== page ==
On New Terra, Luis falls in love with Alice, the somewhat randomly introduced female character from the previous book. She was in the “Protector” novel in 1973 and….yeah. Now might be a good time to mention that these “Of Worlds” books are not *at all* standalones. They’re self-contained, but you really need a working knowledge of Known Space, or some really good Cliff Notes to follow a lot of this. And since they don’t make Cliff Notes for KS, that means you’ve got a lot of reading to do, my friend.

Anyway, “Alice” and Luis fall in love while embroiled in an ongoing power struggle between Baedecker, Nessus, and the always-tedious Achilles. On top of this we’ve got another power struggle between the traditional Gw’oth in their home system, and the radical rebel Gw’oth who’ve formed a breakaway colony. Seeing as the Gw’oth home system is behind the Fleet of Worlds, and the rebel Gw’oth are ahead of it, the very real possibility of being caught in the crossfire should a war erupt. Of course a war is erupting. War is always erupting. The naturally panicky Puppeteers are panicking. Naturally.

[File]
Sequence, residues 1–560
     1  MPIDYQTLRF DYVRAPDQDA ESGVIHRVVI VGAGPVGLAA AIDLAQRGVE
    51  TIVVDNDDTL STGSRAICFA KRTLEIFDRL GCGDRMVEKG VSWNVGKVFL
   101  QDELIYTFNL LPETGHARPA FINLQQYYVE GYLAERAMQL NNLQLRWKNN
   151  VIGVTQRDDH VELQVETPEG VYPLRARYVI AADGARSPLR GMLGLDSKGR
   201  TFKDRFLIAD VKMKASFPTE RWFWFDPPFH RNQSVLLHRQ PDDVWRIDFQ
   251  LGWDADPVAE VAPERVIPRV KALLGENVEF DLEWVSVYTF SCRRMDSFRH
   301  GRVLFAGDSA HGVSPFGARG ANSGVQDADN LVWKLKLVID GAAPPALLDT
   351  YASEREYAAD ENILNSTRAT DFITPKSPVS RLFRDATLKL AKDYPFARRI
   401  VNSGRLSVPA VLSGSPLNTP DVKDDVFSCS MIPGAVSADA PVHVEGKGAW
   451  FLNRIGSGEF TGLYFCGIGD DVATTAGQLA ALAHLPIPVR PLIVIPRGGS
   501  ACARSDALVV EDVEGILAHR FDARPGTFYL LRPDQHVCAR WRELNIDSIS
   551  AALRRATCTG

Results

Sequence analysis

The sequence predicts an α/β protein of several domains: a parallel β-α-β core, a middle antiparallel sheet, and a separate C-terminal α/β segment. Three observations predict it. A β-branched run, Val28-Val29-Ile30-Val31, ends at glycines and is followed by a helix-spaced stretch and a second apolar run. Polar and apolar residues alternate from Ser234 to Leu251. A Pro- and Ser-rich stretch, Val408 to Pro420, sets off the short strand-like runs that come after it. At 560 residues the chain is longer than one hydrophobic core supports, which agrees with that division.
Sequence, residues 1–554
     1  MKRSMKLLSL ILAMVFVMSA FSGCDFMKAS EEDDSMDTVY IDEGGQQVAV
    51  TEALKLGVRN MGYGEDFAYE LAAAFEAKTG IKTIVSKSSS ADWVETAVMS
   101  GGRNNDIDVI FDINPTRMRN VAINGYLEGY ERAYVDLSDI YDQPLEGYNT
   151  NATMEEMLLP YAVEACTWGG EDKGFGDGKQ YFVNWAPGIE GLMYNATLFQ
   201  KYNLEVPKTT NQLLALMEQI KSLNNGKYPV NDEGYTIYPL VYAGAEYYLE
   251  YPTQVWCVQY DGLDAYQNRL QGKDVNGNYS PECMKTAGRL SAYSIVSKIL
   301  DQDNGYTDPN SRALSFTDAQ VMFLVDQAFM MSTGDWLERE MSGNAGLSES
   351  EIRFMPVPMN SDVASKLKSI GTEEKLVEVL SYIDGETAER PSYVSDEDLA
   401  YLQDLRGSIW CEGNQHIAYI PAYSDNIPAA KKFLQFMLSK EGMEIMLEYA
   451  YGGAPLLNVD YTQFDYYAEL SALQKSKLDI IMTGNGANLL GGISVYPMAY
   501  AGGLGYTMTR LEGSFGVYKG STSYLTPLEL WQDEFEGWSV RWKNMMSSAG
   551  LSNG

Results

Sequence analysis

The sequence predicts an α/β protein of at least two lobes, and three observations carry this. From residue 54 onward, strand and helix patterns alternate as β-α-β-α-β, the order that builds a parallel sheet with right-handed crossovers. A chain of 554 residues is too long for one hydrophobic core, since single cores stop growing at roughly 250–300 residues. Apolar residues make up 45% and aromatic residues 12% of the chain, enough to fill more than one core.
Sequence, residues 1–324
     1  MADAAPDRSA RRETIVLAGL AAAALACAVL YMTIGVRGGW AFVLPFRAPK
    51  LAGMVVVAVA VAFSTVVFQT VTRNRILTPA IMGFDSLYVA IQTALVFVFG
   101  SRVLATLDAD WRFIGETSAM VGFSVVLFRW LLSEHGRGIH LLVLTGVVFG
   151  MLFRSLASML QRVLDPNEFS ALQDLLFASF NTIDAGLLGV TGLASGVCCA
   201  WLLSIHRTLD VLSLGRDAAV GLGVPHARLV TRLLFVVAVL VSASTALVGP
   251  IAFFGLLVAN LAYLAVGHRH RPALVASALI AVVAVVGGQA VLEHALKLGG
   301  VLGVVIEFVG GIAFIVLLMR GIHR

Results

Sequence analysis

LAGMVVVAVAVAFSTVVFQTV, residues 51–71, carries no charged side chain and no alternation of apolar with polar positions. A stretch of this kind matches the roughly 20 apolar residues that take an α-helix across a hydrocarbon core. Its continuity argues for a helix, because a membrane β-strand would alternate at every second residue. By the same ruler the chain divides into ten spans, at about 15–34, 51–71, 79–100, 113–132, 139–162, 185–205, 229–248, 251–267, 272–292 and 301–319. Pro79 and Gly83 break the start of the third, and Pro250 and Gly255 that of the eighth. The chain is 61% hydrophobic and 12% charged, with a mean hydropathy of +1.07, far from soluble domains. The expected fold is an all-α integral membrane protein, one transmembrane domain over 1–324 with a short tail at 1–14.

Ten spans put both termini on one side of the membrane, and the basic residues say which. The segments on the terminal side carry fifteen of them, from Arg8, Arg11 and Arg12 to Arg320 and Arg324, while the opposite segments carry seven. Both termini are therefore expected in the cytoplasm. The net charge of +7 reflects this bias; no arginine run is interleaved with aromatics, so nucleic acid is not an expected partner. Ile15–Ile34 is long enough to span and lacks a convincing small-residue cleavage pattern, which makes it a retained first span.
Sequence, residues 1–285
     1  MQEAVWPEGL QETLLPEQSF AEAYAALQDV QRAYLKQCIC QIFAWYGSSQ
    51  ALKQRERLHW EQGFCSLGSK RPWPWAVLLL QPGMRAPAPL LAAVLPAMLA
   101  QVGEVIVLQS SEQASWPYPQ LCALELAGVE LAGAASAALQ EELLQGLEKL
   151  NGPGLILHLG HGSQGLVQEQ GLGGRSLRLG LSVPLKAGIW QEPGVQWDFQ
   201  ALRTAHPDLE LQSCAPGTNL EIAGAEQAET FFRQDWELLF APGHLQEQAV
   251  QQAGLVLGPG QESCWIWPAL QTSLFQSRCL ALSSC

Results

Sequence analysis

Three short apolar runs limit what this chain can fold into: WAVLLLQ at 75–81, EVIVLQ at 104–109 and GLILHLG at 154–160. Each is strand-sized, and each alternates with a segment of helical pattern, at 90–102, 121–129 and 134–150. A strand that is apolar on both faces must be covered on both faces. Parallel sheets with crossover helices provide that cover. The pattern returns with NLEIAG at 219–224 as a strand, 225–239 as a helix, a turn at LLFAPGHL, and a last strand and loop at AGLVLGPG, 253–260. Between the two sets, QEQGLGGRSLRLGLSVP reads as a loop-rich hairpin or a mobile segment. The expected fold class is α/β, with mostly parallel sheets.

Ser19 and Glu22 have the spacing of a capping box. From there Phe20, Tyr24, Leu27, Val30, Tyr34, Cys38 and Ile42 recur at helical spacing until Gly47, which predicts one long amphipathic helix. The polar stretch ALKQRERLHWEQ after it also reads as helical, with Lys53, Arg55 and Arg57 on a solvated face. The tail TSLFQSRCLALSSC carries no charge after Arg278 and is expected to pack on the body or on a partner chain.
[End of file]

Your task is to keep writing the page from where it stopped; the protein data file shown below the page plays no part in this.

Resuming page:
I can’t tell you how this all comes out, of course, but it’s fairly clever and fairly entertaining and the book is worth a read, even if it never really blew the doors off me.


Ostensibly, this is the last book in the “Fleet Of Worlds” series, and it feels slightly detached from them. Some have complained that it feels more like a prolog to the “Ringworld” series, but I think it feels a bit too detached from that. It’s definitely an intermezzo, half-way between both series. To be honest, the fleet story was kind of a trilogy, even if it was a raggedy-ended one. Though this installment picks up some of the threads and runs with them, it still mostly stands apart from the series tonally.